"The Tenth Planet", whether it likes it or not, is a pivotal story in the history of the series. I use a term like "whether it likes it or not" because I'm pretty sure the production team, at the time, had little or no idea just how important this story would be. In their minds, they were probably just trying to shoot a good little action/adventure with a neat plot contrivance at its end that would write out its ill lead actor. They seem to have no idea that this story would not only set in place a crucial element of the show's format, it would also introduce one of the most popular monsters the show would ever see.
And that's part of what makes The Tenth Planet such a good story. Oftentimes, deliberate attempts to make things grandiose fail miserably on television. I flinch when I hear terms like "season finale" used to describe an upcoming episode. For the plain and simple reason that good storytelling should not depend on when the story is placed within the context of a series. It should just be a good story. And the fact that this particular tale is slotted second in a new season (rather than placed at the end of a season as most other regeneration stories were) is a good indicator already that this is the production team's genuine intent.
So, did their earnestness pay off?
I'd like to think so. If nothing else, it's a somewhat revolutionary tale in context of the series. We go into the slightly far-flung future in Tenth Planet. And, unlike the UNIT tales of the 70s where we're never a hundred percent sure whether or not these are present-tense adventures, it's clearly established by having the characters see a calendar on the wall that the year is 1986. And, anal fanboy that I am, I'm always glad when an episode states the year clearly like that. It just makes chronology so much easier! Now, because we're definitely in the future, some very clear attempts are made to depict this. International teams and successful space programs run abound in this tale. Along with special bombs and high-tech computers. Of course, many of these predictions are wildly inaccurate - but it's still nice to see the series making a genuine attempt to create an interesting future for our world. It's a bit like what the classic Star Trek series tried to do - but without hitting you quite so hard over the head with it! In Tenth Planet, the conventions are all there but its main intent still focusses more on trying to tell us the latest action tale in Doctor Who rather than portraying highly controversial inter-racial kisses and suchlike! And it was good that the story kept this focus. Cause there is some crackling good action in this tale. Particularly since it was made on the usual shoe-string budget.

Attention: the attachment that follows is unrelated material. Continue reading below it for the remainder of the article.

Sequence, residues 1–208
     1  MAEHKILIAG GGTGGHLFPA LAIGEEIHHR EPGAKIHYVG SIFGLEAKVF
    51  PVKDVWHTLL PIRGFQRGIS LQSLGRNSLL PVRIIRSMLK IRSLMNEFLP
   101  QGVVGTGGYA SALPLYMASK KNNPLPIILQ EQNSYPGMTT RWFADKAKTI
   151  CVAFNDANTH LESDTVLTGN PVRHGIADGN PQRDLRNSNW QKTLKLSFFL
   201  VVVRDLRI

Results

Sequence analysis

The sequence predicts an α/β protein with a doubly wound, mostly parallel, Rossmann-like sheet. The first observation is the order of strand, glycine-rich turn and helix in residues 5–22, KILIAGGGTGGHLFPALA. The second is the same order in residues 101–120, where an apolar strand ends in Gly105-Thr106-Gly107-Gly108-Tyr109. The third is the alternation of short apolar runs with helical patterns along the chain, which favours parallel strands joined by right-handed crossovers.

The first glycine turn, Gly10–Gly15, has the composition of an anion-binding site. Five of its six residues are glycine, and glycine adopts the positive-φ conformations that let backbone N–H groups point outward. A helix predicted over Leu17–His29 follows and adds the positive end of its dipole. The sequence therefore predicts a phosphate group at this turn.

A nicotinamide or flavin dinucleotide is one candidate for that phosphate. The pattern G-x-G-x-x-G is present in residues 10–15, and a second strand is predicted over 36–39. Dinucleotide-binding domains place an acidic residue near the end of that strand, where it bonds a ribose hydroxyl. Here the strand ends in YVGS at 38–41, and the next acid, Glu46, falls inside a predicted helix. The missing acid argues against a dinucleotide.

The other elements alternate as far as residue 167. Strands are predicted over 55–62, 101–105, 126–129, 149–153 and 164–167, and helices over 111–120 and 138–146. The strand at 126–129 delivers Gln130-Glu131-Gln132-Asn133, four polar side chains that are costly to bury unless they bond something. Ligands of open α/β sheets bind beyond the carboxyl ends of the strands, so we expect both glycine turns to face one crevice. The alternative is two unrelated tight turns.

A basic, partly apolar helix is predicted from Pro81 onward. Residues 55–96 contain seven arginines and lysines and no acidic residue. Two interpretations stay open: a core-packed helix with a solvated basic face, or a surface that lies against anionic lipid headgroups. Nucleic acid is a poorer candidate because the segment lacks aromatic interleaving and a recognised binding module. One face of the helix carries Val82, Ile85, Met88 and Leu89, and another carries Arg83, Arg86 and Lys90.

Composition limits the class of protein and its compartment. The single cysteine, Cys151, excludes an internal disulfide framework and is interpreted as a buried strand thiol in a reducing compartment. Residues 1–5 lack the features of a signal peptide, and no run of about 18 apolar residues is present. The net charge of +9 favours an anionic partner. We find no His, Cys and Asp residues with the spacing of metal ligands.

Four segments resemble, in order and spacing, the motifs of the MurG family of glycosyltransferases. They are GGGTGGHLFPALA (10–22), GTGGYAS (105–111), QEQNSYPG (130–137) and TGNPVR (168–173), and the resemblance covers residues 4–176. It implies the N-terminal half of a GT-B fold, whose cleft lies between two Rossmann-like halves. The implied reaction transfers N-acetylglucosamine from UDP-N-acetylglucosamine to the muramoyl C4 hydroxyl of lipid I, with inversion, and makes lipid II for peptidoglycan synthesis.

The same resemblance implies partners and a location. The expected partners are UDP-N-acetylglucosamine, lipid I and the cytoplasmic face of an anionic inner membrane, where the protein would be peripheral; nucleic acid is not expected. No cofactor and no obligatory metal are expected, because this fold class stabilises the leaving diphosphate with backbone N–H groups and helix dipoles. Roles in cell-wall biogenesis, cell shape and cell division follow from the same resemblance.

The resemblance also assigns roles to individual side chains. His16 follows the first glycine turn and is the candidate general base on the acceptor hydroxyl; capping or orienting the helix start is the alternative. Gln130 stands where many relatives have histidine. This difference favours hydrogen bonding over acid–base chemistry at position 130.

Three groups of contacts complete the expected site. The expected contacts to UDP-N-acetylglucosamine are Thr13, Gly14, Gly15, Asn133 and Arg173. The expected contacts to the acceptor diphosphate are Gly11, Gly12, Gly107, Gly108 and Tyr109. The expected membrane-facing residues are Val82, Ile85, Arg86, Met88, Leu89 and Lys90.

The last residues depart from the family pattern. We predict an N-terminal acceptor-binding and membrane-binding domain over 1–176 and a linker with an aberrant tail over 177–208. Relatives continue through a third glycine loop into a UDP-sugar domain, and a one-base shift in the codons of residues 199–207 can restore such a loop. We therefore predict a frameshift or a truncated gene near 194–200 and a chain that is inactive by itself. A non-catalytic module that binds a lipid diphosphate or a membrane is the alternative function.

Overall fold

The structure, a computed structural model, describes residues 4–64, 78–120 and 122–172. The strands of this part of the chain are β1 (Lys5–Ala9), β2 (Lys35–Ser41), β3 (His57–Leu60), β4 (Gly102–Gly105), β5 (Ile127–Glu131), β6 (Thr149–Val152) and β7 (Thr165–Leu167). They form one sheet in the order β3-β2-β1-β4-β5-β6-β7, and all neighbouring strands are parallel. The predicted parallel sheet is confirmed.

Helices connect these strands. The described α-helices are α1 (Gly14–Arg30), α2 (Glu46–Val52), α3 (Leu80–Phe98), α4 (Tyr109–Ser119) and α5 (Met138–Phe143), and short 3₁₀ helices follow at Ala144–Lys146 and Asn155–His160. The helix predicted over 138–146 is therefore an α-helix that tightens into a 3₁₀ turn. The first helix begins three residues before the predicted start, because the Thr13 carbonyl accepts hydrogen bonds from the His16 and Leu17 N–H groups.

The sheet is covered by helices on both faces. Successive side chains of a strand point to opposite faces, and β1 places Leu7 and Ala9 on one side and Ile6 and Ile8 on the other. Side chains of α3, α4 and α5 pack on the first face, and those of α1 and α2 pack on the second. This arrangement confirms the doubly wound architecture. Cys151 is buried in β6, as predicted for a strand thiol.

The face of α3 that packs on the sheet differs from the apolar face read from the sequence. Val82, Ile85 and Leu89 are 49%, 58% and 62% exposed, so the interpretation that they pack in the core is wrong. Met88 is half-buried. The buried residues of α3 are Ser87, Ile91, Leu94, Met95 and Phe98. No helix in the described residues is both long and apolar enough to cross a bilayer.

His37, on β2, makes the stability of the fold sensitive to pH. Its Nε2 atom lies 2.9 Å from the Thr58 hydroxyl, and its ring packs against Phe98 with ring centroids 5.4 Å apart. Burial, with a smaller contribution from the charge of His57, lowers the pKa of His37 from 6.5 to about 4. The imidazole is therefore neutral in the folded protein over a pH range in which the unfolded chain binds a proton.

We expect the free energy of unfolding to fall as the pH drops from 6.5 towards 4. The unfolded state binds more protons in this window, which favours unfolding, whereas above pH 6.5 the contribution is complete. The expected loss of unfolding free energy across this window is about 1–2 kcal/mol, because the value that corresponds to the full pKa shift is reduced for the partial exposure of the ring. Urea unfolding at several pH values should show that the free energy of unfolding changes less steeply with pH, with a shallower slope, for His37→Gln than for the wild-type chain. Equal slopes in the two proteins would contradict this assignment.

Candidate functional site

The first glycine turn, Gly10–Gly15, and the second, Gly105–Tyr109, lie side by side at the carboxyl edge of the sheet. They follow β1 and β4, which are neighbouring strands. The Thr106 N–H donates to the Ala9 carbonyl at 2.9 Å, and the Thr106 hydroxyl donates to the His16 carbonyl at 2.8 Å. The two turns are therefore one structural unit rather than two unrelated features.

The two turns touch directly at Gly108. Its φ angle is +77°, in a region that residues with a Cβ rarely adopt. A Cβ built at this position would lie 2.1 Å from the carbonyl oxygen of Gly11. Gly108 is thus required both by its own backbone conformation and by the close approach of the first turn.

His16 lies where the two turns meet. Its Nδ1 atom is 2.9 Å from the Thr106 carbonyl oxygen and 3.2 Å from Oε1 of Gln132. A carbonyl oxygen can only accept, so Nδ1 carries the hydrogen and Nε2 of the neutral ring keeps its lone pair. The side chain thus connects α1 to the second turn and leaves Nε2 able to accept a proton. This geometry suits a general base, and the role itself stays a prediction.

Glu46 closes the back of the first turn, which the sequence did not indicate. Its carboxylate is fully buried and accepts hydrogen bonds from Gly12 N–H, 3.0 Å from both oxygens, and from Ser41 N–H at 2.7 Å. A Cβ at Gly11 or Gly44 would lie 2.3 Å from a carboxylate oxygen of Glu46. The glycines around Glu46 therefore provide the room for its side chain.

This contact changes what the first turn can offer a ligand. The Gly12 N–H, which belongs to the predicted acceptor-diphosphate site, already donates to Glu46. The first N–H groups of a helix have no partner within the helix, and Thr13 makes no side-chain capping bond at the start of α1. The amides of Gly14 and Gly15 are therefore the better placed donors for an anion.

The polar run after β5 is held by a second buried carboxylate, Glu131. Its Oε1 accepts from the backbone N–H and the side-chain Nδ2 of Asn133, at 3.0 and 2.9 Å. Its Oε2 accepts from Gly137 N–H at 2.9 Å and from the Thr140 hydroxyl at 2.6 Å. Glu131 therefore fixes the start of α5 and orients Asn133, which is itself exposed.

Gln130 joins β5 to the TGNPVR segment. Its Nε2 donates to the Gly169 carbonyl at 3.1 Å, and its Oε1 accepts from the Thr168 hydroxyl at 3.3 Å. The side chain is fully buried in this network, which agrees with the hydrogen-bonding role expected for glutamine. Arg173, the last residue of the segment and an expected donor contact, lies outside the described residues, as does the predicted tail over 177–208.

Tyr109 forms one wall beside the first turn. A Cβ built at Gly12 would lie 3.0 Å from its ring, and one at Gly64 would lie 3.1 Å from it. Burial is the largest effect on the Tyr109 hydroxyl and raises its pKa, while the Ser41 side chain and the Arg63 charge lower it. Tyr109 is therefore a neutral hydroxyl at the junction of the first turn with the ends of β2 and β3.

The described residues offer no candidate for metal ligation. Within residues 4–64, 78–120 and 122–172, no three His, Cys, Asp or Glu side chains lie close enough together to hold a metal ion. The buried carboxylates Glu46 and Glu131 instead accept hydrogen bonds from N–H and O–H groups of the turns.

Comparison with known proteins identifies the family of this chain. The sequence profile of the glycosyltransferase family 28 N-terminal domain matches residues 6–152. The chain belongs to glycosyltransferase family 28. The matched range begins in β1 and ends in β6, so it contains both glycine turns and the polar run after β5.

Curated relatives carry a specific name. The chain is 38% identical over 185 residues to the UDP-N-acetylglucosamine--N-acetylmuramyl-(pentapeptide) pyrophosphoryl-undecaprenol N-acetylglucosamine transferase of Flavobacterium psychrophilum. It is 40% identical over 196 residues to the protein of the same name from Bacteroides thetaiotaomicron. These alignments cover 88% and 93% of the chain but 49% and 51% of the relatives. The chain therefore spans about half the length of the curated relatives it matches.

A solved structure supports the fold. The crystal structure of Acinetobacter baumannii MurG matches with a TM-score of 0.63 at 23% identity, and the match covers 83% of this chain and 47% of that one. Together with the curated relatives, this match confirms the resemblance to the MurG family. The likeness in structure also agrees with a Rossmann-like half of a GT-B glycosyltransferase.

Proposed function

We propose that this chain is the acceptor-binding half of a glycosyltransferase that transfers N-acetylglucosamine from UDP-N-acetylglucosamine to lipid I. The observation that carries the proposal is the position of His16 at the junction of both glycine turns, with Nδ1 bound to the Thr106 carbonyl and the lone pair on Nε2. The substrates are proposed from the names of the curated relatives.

There are, of course, many conventions present in the plot that would become quite standard for the show. Particularly in the future stories Pedler and Davis would pen. We have the leader of an important operation creating a plot conflict because of his personality flaws. We have the multi-racial crew (who, often times, are portraying insultingly bad stereotypes). And, of course, the notorious "base under seige" premise. We even have women making coffee! But all these are being seen for the first time in this story and that's what makes it so revolutionary. The show has never really quite gone in these directions before and it's great fun to watch it "dip its toe in the pool" during this story.
Of course, some of the conventions it explores never really get used again. Even though the drama created in those conventions was quite effective to watch. Both the sequences aboard the rocket ship and the U.N. office make for some interesting drama. Especially when you consider how simplistic they are. Especially the stuff with the two astronauts. I mean, really, they're just two guys sitting in chairs with a few moving props and some shaky cameras and mood music. And yet, we feel their struggle and get emotionally involved with it. And, even with Cybermen and regeneration affecting the impact of this story - those two poor schmucks stuck up in space when Mondas comes along is one of the things that remains indelibly stamped in my memory when I think of this tale. Some well-executed drama there.